Comment author:HopeFox
01 May 2011 09:03:21AM
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This problem sounds awfully similar to the halting problem to me. If we can't tell whether a Turing machine will eventually terminate without actually running it, how could we ever tell if a Turing machine will experience consciousness without running it?

Has anyone attempted to prove the statement "Consciousness of a Turing machine is undecideable"? The proof (if it's true) might look a lot like the proof that the halting problem is undecideable. Sadly, I don't quite understand how that proof works either, so I can't use it as a basis for the consciousness problem. It just seems that figuring out if a Turing machine is conscious, or will ever achieve consciousness before halting, is much harder than figuring out if it halts.

The halting problem doesn't imply that we can never tell whether a particular program halts without actually running it. (You can think of many simple programs which definitely halt, and other simple programs which are definitely infinite loops.)

It means, instead, that there exist relatively short but extremely pathological Turing machines, such that no Turing machine can be built that could solve the halting problem for every Turing machine. (Indeed, the idea of the proof is that a reputed halting-problem-solver is itself pathological, as can be seen by feeding it a modified version of itself as input.)

But these pathological ones are not at all the kind of Turing machines we would create to do any functional task; the only reason I could think for us to seek them out would be to find Busy Beaver numbers.

Comment author:VNKKET
02 July 2011 06:17:17AM
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1 point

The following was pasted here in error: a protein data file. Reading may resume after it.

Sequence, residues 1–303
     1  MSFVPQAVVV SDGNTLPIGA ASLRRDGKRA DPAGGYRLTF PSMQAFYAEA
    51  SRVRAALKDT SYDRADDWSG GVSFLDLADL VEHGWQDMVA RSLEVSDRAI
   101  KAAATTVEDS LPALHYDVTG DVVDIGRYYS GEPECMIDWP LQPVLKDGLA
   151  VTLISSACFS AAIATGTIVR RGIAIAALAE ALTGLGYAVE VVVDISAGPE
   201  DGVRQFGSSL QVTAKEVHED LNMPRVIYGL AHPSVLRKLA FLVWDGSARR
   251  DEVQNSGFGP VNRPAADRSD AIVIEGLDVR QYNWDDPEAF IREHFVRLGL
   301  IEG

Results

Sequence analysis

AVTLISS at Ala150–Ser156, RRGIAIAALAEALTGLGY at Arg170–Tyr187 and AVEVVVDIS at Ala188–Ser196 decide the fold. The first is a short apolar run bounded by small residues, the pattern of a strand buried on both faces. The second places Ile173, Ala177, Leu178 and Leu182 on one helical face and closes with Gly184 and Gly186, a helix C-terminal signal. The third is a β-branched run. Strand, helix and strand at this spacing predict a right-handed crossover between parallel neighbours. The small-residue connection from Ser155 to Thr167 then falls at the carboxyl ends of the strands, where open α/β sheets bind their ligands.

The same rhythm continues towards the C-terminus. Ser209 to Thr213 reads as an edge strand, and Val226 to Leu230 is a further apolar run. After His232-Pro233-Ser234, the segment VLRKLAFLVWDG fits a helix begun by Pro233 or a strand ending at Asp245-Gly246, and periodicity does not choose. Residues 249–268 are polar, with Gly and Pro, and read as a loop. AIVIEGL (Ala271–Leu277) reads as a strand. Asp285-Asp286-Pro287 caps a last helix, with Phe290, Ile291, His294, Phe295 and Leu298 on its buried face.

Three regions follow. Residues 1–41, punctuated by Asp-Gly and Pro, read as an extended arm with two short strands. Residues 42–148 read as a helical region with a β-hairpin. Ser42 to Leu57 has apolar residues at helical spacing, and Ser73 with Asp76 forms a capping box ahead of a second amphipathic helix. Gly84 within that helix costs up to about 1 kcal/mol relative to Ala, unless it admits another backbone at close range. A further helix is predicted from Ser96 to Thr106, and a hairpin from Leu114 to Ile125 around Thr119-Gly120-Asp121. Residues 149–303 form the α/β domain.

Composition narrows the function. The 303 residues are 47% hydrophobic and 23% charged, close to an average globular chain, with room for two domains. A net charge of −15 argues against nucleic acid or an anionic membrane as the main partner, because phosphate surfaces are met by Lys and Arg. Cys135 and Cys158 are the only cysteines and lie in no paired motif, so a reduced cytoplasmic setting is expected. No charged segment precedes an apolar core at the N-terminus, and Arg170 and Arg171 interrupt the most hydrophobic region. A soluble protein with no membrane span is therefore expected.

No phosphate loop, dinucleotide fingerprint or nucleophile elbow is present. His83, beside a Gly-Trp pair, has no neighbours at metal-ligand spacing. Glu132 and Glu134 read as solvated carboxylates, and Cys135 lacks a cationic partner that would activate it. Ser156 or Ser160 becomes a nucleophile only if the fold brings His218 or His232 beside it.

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Has anyone attempted to prove the statement "Consciousness of a Turing machine is undecideable"? The proof (if it's true) might look a lot like the proof that the halting problem is undecideable.

Your conjecture seems to follow from Rice's theorem, assuming the personhood of a running computation is a property of the partial function its algorithm computes. Also, I think you can prove your conjecture by taking a certain proof that the Halting Problem is undecidable and replacing 'halts' with 'is conscious'. I can track this down if you're still interested.

But this doesn't mess up Eliezer's plans at all: you can have "nonhalting predicates" that output "doesn't halt" or "I don't know", analogous to the nonperson predicates proposed here.

## Comments (175)

OldThis problem sounds awfully similar to the halting problem to me. If we can't tell whether a Turing machine will eventually terminate without actually running it, how could we ever tell if a Turing machine will experience consciousness without running it?

Has anyone attempted to prove the statement "Consciousness of a Turing machine is undecideable"? The proof (if it's true) might look a lot like the proof that the halting problem is undecideable. Sadly, I don't quite understand how that proof works either, so I can't use it as a basis for the consciousness problem. It just seems that figuring out if a Turing machine is conscious, or will ever achieve consciousness before halting, is much harder than figuring out if it halts.

The halting problem doesn't imply that we can never tell whether a particular program halts without actually running it. (You can think of many simple programs which definitely halt, and other simple programs which are definitely infinite loops.)

It means, instead, that there exist relatively short but extremely pathological Turing machines, such that no Turing machine can be built that could solve the halting problem for

everyTuring machine. (Indeed, the idea of the proof is that a reputed halting-problem-solver is itself pathological, as can be seen by feeding it a modified version of itself as input.)But these pathological ones are not at all the kind of Turing machines we would create to do any functional task; the only reason I could think for us to seek them out would be to find Busy Beaver numbers.

Um, I happened to write an explanation of the Halting Problem proof in a comment over here. Please tell me which parts seem unclear to you.

*1 point [-]Your conjecture seems to follow from Rice's theorem, assuming the personhood of a running computation is a property of the partial function its algorithm computes. Also, I think you can prove your conjecture by taking a certain proof that the Halting Problem is undecidable and replacing 'halts' with 'is conscious'. I can track this down if you're still interested.

But this doesn't mess up Eliezer's plans at all: you can have "nonhalting predicates" that output "doesn't halt" or "I don't know", analogous to the nonperson predicates proposed here.